In the classroom setting, the day lines are due, the students' grade for the day reflects how many times they had to call for line. It is not hard to come up with a rubric. You should give this rubric out before the day, so they can see how many points they will lose (which ultimately affects their grade). Obviously, you have wiggle room here, as you also don't want to discourage students, so it was usually a scale (and depended on the length of the piece) ​like Calling for lines 1-3 times = -1point, Calling 4 - 6 times = -2points, etc. It is so unfair to their scene partner if you have an actor that does not care, and does not bother to learn their lines. I have replaced actors out of scenes for the sake of the other actor. The replacement uses a script, since they are not graded for the scene they have just stepped in. The actor removed gets a grade of either F or 0 (zero) for their scene work (or lack of work).

    Students will take learning lines, this crucial part of theatre, seriously if it is treated seriously. We also have in the contract that not writing a character sketch by the deadline could cause you to lose your role.  I recently did The Diary of Anne Frank and my Otto (the male lead) learned his lines, however, he did not hand in a character sketch on time, and kept saying he was not finished with it (and cited all sorts of reasons, health issues, etc). My only mistake was making the deadline only a week and 1/2 from opening night, in future I will make the deadline much sooner in the process. (side note: Half the cast handed their sketches in a week early.)  For each day a sketch is turned in late, actors lose some of their Thespian points for the show. The actor playing Otto didn't seem to care about losing points, and knew I had cast ever male that auditioned, so maybe felt he was safe. However, he was wrong. On the day of wet tech when he still had nothing to hand in, I went to the sound booth and asked one of the sound crew, a boy who usually acts, if he would step into the role. Since it was only five days to opening night, I told him he was allowed to use the script on stage, as Otto was usually reading a book, and the actor could carry the script. He agreed. Then I told the original actor to get off the stage, and told him he was out of the show if he did not get the sketch written within the next 2 hours. I informed him that I had someone lined up to play Otto, so he knew it was not an idle threat, but a fact. The assistant director went on stage so the kid taking over the role could watch the blocking.  The actor got his sketch written before the time deadline, and was then allowed to return to the stage. He apologized later, in tears, and said he learned a valuable lesson. More importantly, everyone in the production was well aware he almost lost the part because, even though he had his lines, he did not have the character sketch done by the deadline.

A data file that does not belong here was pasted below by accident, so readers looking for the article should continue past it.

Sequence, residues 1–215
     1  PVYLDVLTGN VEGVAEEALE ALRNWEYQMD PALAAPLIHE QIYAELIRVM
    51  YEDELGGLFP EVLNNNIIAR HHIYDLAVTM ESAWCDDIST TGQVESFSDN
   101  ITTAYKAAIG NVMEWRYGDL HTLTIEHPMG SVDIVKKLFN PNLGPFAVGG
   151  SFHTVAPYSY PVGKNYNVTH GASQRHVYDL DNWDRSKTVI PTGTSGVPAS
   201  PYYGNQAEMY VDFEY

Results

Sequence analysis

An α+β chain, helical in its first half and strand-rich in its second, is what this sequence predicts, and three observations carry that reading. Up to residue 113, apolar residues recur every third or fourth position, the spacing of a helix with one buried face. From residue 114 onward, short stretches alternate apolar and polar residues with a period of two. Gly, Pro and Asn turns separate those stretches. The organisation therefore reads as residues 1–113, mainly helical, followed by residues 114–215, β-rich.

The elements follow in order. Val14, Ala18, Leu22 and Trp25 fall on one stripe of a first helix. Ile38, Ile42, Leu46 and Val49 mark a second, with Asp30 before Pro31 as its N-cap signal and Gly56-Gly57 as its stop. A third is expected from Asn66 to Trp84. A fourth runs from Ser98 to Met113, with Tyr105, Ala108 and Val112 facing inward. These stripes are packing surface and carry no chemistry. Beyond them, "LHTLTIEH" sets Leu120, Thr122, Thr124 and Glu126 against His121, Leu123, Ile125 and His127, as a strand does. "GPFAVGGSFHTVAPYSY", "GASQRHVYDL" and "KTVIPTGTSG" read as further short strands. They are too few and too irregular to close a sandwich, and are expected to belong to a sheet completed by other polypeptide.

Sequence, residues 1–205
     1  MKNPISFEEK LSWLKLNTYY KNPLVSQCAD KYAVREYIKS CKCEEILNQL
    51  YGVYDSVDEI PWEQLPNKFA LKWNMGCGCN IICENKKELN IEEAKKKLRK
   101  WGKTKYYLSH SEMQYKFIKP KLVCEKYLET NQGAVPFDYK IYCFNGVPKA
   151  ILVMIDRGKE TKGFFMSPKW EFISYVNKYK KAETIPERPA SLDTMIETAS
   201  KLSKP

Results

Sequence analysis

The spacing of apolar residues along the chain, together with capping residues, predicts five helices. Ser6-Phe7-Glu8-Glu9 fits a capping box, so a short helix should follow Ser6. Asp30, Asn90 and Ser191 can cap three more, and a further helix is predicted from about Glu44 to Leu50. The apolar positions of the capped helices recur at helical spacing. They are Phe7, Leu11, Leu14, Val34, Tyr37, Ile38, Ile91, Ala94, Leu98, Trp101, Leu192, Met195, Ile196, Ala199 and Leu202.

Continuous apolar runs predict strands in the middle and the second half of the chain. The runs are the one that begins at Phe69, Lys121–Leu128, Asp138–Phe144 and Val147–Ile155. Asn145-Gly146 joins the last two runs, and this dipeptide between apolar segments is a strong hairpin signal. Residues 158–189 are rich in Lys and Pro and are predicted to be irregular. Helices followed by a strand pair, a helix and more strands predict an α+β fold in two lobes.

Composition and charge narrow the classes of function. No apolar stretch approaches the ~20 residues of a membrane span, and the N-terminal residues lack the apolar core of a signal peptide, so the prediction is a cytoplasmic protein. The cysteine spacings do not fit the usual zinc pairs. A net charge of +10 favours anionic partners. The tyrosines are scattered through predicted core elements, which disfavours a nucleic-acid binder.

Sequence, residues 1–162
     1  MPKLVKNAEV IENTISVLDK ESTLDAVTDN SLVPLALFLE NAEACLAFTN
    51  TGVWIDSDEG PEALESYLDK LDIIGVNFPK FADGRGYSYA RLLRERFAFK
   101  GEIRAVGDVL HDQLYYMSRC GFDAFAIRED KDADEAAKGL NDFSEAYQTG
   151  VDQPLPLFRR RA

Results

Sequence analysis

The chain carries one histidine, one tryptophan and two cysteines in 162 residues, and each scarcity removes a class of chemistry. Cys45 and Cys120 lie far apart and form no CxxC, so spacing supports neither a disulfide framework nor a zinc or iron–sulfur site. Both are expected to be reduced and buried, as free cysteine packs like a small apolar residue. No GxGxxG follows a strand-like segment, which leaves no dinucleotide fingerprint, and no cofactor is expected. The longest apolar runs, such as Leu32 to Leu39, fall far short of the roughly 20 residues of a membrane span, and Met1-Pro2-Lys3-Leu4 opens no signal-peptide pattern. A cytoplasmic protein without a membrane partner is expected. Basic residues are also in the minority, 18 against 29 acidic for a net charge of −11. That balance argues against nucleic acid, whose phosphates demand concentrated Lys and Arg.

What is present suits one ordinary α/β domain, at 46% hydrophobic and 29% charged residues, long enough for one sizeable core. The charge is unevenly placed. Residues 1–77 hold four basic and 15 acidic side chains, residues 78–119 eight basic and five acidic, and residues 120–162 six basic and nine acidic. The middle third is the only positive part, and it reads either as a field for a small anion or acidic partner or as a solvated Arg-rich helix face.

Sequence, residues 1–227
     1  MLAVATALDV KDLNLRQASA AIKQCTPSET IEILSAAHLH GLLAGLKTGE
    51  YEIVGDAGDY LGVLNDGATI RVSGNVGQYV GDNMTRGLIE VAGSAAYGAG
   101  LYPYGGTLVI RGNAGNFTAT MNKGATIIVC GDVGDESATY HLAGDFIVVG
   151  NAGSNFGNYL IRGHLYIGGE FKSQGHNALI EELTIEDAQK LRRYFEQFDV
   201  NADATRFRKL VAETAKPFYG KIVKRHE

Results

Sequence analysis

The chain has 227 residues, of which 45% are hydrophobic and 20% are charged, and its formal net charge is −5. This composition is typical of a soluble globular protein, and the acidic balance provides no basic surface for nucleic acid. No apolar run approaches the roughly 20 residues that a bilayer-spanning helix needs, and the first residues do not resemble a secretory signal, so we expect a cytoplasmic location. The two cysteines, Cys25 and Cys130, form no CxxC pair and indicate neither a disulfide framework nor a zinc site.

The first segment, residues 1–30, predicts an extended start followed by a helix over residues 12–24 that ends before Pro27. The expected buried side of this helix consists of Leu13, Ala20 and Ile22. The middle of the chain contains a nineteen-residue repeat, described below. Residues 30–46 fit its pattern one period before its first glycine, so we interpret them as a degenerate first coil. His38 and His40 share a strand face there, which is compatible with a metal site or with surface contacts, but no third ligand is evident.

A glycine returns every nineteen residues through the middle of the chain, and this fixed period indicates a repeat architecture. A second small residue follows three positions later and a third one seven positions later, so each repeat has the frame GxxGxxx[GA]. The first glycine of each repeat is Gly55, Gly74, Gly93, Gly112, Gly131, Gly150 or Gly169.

It is important to follow through on consequences, therefore, the word spreads that you mean what you say. That is more powerful than anything else.
    Hope you get some other responses. Good Luck!



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    Valerie Farschman, Drama Director
    MLS Theatre Company, Troupe 1422
    Marion L Steele High School
    Amherst, Ohio
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  • 7.  RE: Line memorization accountability

    Posted 12-17-2018 10:58
    Valerie, I'm going to respectfully disagree.  I do take it seriously and have consequences and they are still not living up to the expectations.  It's more difficult when it bleeds into the group at large and in a smaller program where the replacement options are limited.  When you only have 2 swings/understudies and 4 people show up to rehearsal not prepared who do you replace?

    We also have contracts, parent contracts, deadlines, etc... I teach multiple memorization techniques.  In 30 years, there have always been one or two, but not like this.  The one consequence that may work is cancelling the show, but I don't think that's an option.

    As I said above, this is something new we are struggling with and it seems like I'm not the only one.

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    Amy Learn
    Ballwin MO
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  • 8.  RE: Line memorization accountability

    Posted 12-17-2018 11:27
    For class scenes, I have a graded memorization check - usually a week or more before they will perform for a grade (depending on how long the scene is). This seems to have taken care of most of the problems in class.

    Would it help to have extra rehearsals specifically based on memorization? Actors could work together or with their understudies going over lines.

    I tell my actors that their lines aren't memorized until they can speed through them, or say them while doing something physical and distracting, like doing jumping jacks. Just to confuse things, some of my actors say they learn their lines better when they know what the blocking in the scene is. I guess there's no one way to approach this.


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    Ken Buswell
    Drama Teacher
    Peachtree City, GA
    http://mcintoshtheater.org/

    Theater kills ignorance
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  • 9.  RE: Line memorization accountability

    Posted 12-17-2018 13:35
    Hey Nathan!